Scottish govt official 'asked for account of when they knew about Salmond complaints to be changed'

January 21, 2021

Sky News has learned of claims that a Scottish government official asked to change an account of when they knew about harassment complaints against former first minister Alex Salmond.

They concern a senior official whom we are not identifying, but who works with the current First Minister Nicola Sturgeon.

Ms Sturgeon's political opponents have described the revelations as an "abuse of power" and a "clear attempt at a cover-up".

The official allegedly asked for a press statement to be changed and feared they faced consequences for their career if this was not done.

The statement was a record of a conversation they had been involved in. It indicated when, and what, they knew about complaints against Mr Salmond, which pre-dated the day that Ms Sturgeon says she was first informed.

The amendment request was allegedly made after a draft copy of the statement was sent to the Scottish government, prior to its publication.

Upon receipt, it is claimed the official contacted the author and asked for the record of when they said they "knew" of the complaints to be reduced to when they had a "suspicion" of them.

The official indicated that without the change, they feared their career could be negatively impacted.

The date on which senior members of the Scottish government learned of an investigation into the complaints against Mr Salmond is a point of contention which has embroiled Ms Sturgeon in controversy.

The first minister has told the Scottish Parliament she first knew on 2 April 2018.

However, Alex Salmond has accused her of misleading parliament, claiming the complaints were discussed in a meeting she attended four days earlier, on 29 March 2018.

This is refuted by Ms Sturgeon, whose spokesperson has accused Mr Salmond of "spinning false conspiracy theories".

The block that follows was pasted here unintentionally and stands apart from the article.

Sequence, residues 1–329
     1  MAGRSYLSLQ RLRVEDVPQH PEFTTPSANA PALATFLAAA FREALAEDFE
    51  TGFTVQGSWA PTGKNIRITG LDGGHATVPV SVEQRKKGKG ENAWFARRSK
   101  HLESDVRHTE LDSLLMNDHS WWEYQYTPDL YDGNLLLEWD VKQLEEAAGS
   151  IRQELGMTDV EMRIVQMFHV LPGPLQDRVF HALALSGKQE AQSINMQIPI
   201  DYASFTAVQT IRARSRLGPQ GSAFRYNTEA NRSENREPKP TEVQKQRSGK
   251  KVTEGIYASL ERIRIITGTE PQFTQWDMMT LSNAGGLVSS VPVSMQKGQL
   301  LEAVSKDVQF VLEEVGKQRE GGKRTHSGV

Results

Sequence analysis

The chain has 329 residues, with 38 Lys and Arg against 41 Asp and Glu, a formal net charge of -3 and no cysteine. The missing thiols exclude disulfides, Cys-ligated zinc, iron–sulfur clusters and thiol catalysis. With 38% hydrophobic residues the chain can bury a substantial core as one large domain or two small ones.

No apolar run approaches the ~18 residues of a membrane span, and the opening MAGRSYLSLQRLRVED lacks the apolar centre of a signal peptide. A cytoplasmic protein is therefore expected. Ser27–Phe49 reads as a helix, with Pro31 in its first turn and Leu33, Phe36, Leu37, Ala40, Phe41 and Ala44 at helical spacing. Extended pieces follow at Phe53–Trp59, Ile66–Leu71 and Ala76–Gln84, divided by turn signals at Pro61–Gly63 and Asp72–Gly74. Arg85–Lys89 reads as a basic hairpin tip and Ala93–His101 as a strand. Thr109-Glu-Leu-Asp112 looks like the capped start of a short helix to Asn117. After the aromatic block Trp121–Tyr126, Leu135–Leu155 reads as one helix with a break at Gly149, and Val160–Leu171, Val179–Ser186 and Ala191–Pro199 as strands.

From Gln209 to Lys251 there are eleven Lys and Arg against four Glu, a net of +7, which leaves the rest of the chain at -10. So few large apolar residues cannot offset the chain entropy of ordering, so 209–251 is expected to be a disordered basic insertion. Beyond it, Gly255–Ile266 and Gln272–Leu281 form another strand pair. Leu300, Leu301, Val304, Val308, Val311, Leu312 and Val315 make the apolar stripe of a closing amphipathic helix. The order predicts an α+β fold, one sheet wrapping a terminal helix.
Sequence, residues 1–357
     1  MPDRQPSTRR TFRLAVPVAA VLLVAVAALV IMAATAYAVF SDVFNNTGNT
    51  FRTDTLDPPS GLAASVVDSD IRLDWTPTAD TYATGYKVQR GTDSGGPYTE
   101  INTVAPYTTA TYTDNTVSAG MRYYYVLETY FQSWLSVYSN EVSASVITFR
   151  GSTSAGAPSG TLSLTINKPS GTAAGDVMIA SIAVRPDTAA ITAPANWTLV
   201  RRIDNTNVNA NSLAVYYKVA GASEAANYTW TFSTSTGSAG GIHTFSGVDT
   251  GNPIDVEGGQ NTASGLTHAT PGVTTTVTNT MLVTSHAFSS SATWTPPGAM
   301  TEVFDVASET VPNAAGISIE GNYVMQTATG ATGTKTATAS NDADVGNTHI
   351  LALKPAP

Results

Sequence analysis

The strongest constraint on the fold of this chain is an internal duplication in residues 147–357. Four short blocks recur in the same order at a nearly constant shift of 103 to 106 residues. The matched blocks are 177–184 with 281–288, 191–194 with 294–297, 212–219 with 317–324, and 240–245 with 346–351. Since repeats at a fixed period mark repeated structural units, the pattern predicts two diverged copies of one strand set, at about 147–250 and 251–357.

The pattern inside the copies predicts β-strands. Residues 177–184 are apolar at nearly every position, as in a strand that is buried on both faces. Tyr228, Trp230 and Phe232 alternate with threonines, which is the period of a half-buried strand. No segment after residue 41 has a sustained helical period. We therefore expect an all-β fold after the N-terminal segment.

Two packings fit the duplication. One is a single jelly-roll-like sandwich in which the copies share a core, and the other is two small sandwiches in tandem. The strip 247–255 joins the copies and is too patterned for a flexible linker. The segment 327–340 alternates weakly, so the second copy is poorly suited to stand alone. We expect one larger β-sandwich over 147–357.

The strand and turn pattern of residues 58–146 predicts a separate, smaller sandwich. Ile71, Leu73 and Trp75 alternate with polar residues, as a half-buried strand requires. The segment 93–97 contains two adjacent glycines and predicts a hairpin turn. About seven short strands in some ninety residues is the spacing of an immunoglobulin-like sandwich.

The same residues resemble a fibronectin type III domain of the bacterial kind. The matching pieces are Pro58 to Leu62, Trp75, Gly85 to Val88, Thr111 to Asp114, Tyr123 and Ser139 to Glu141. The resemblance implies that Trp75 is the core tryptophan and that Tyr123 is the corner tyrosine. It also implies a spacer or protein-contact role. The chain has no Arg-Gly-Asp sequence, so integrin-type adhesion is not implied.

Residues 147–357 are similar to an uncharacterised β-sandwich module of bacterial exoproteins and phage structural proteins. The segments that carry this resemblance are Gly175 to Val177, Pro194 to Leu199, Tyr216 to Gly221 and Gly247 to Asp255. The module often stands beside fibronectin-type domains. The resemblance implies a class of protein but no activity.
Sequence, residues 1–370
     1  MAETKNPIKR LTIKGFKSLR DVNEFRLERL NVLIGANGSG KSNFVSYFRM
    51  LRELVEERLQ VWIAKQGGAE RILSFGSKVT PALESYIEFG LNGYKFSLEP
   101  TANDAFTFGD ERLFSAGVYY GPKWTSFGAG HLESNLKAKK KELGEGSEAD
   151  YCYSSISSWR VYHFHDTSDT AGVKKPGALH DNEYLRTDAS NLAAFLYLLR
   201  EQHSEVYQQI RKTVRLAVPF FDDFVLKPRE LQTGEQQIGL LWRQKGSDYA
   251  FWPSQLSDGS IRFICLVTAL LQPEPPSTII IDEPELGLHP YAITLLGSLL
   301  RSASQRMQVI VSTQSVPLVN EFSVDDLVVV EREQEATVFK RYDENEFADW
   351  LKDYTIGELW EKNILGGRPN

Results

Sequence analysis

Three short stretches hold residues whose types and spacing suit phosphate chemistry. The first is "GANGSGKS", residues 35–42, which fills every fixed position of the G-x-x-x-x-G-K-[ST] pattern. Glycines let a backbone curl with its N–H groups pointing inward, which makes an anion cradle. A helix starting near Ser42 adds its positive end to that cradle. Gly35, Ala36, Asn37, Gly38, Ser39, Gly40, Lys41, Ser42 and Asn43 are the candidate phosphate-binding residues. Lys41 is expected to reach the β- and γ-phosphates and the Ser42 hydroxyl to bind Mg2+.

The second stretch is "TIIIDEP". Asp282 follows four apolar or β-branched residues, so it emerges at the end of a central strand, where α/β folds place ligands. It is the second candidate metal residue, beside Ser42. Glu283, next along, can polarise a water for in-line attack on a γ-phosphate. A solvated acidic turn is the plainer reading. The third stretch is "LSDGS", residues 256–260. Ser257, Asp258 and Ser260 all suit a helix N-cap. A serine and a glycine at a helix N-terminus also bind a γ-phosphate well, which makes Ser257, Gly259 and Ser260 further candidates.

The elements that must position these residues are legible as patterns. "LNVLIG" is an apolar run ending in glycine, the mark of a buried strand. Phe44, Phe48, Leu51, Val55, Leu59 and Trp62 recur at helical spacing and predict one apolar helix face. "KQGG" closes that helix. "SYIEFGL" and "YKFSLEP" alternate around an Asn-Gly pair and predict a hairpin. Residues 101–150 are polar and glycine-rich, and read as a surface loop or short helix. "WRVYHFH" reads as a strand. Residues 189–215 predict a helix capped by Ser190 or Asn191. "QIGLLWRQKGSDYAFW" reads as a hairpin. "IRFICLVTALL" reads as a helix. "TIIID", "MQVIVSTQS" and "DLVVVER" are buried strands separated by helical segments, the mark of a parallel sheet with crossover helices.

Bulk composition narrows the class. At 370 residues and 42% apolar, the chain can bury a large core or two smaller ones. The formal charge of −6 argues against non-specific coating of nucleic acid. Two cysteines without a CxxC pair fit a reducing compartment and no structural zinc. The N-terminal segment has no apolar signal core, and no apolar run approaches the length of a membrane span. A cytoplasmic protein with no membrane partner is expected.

The involvement of the official, and their request for changes, is contained in a submission made to the ongoing Scottish Parliament inquiry into the government's handling of harassment complaints against Mr Salmond.

Sky News has spoken to four people familiar with the content of the submission, which has not been made public.

All of the sources corroborate the details of the official's request to change the account of what they said.

Ms Sturgeon's political opponents say the revelations present her with serious questions.

Scottish Conservative leader Douglas Ross said: "The first minister has done everything in her power to evade scrutiny and dodge questions of her involvement in this scandal.

"It is outrageous that her staff acted to prevent facts reaching the public.

"Statements have been manipulated and the truth has been deliberately hidden.

"This is a clear attempt at a cover-up and an abuse of power at the heart of government. The first minister must answer for it."

A Scottish government spokesperson said: "We can't comment on written submissions that have not been published by the committee and that we have not seen."

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